The Fatal Flaw Found In Almost Every Video Game
Video Games are the greatest modern art form. A spicy take I know, but hear us out. They’re the newest art form we’ve had since the advent of television. Where else can we truly interact with art in the same way? For anyone who doesn’t think a video game is art, we really can’t help you. Just take a look at the 30 minute credit sequence of any AAA game and you’ll see the hundreds of names who worked thousands of hours writing, animating, coloring, etc. on the finished product and you’ll see there are some Bachelor of Fine Arts degrees at work. Games welcome us in, giving us heart pounding challenges, new ideas, and emotional peaks and valleys worthy of Shakespeare. But there is one deadly flaw that prevents most video games from achieving true perfection: the inventory management system.
Otherwise flawless games are laid low by bulky, nonsensical inventory systems. Ideally, a game’s crafting and inventory system helps tell the story, helps define a player’s style, and propels the narrative and emotional arcs of the story. So why are we cramming 56 potatoes in our mouths during a boss fight? It just doesn’t make sense. Pounding a red potion to heal is one thing, but most RPG’s go about inventory totally wrong. Let’s look at some of the biggest games around and see what we can learn to fix this unwieldy system.
Assassin’s Creed Odyssey
This game’s gorgeous graphics and extremely wacky side quests don’t make up for the fact that inventory seems like an inscrutable puzzle. While some games make you preciously nurture your favorite weapons, AC Odyssey chucks spears and daggers at you like you’re a side show in an old timey traveling circus. And the ancillary items found in the world are useless except for selling for coin, which is also abundant if you’re completing even a fraction of the approximately 975,634 side quests available. It breaks our hearts that there were designers who spent time naming, illustrating, and coding in items which the player never sees due to the “sell all trade goods” button. Also, the fact that you can carry around 7 two handed axes but are limited to 50 normal arrows is brain breaking.
Once you do find the perfect helmet or piece of gear for your playstyle, you can change the cosmetics of it. But you can’t do that after you’ve selected the item to go into its detailed stats, you have to go back to the prior menu to customize the look. It’s a small but very tedious detail that makes no sense and makes and already unwieldy game even clunkier.
Breath of the Wild
Link does it best probably. This game’s crafting is not only satisfying, it’s tied into the mechanics of the game beyond just getting Rupees. The cooking feels like a true mini-game and the animation is mouth wateringly satisfying. Plus breakable weapons mean players must know what they’ve got on hand in case their favorite sword breaks during a boss fight. The game also incorporates expanding your inventory slots into actual game play. Any chance to interact with Koroks is a win.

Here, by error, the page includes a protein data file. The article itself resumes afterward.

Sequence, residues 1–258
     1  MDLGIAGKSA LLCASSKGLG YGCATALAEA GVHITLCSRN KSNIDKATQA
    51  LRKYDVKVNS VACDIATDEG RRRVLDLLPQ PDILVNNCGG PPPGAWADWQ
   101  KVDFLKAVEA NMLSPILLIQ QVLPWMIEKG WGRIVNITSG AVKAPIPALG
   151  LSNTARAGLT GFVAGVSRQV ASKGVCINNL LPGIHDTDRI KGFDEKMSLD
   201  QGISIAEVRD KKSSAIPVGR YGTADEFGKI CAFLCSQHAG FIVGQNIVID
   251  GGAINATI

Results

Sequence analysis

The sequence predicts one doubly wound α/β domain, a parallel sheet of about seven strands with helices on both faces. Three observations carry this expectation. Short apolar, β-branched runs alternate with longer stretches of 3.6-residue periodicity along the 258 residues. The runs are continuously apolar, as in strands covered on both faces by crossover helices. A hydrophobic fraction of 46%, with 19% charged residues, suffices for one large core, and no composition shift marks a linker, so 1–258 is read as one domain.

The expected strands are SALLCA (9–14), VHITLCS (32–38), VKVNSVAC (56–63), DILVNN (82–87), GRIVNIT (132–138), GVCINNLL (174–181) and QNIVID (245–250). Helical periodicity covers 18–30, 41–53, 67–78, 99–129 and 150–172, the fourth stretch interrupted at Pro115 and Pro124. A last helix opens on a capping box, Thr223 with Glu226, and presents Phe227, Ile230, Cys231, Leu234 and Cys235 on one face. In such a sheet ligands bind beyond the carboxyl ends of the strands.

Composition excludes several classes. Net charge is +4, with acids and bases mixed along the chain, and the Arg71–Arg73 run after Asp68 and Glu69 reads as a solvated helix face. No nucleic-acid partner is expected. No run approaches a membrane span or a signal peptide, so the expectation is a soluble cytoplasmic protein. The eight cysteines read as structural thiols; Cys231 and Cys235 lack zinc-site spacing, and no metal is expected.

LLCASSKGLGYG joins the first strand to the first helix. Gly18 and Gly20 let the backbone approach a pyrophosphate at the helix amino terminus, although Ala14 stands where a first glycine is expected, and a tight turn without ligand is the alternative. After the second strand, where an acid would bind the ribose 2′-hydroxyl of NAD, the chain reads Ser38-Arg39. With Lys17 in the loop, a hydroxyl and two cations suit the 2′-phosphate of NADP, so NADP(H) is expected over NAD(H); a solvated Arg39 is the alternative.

Red Dead Redemption 2
This game takes realism a little too far in some places and not far enough in others when it comes to crafting and inventory management. Storing a certain amount of outfits and weapons in your horse satchel makes sense. And it’s pretty satisfying pressing a button and making the classic American dish uh… *checks notes* minty big game, sizzle over a campfire. But not knowing what small items you found in a cabin are important and which ones are trash is frustrating, despite the unique item label, it's unwieldy when selling to vendors.
Most games let the player carry a ton of stuff. And while Skyrim is definitely one of those games (what kind of adventurer can really carry around 40 books and a whole outfit of “fancy clothes”?) it also puts a cap on what your PC can lug around due to its weight limit. Also nice that your stamina stat can be increased to lug more sh*t around. Crafting items, which is in most games closely tied to your inventory, is a joy in Skyrim. The devs at Bethesda made it part of your character's journey, and every blade you craft ups your skill level. There’s a reason that this game holds up over a decade after its release.
The perfect game would at least give the player a magical bag of holding so they can carry around an Idaho farmer’s worth of potatoes or 20 spears at the same time. As games aim for more and more realism, is it better to make everything in the world pick-up-able? Or is it better to make fewer items in game able to be carted around? If you’re really the greatest hero of the age, why are you spending so much time rooting through the pots in front of people’s homes? So what does the perfect inventory management system look like? It’s got a limited number of slots, it doesn’t require the player to go into multiple menus to manage, and it incorporates crafting into the story. If you hear of any such game traveler, let us know.